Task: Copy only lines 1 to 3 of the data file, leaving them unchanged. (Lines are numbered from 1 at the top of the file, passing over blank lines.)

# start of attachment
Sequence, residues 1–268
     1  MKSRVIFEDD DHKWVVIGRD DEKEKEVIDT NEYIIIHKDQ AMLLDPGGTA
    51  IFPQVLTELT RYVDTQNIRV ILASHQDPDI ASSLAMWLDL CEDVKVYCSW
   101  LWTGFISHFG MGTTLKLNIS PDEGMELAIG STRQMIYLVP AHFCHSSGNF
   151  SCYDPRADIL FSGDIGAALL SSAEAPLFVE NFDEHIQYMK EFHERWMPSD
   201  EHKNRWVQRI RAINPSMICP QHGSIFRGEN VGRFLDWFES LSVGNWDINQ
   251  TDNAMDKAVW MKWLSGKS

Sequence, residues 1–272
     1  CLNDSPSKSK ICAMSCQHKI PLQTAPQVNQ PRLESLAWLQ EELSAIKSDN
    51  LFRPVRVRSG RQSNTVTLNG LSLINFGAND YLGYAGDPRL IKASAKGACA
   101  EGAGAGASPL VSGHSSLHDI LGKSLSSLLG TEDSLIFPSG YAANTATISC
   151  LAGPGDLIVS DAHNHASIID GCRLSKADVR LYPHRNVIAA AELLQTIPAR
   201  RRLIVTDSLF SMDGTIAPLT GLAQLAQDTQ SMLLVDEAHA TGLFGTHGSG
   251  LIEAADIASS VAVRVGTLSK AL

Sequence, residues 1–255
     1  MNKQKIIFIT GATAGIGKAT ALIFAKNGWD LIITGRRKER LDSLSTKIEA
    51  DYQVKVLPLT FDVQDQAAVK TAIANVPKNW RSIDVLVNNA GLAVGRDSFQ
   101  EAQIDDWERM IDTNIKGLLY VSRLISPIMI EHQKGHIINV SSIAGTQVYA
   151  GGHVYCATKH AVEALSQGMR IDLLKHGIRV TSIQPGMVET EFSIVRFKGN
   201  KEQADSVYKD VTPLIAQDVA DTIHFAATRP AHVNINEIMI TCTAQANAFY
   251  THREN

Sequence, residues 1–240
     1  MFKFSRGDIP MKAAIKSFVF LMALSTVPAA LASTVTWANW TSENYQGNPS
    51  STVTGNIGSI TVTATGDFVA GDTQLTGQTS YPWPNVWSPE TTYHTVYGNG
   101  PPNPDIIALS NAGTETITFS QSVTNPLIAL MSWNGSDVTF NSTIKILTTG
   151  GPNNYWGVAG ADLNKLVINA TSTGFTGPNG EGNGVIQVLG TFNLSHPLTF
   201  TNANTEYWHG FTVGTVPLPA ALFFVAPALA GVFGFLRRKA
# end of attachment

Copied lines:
Sequence, residues 1–268
     1  MKSRVIFEDD DHKWVVIGRD DEKEKEVIDT NEYIIIHKDQ AMLLDPGGTA
    51  IFPQVLTELT RYVDTQNIRV ILASHQDPDI ASSLAMWLDL CEDVKVYCSW